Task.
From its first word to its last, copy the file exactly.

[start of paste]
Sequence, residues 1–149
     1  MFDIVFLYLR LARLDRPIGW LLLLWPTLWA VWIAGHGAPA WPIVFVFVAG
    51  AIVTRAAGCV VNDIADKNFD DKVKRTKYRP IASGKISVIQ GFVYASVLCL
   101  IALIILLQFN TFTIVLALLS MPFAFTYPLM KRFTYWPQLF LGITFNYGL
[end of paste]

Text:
Sequence, residues 1–149
     1  MFDIVFLYLR LARLDRPIGW LLLLWPTLWA VWIAGHGAPA WPIVFVFVAG
    51  AIVTRAAGCV VNDIADKNFD DKVKRTKYRP IASGKISVIQ GFVYASVLCL
   101  IALIILLQFN TFTIVLALLS MPFAFTYPLM KRFTYWPQLF LGITFNYGL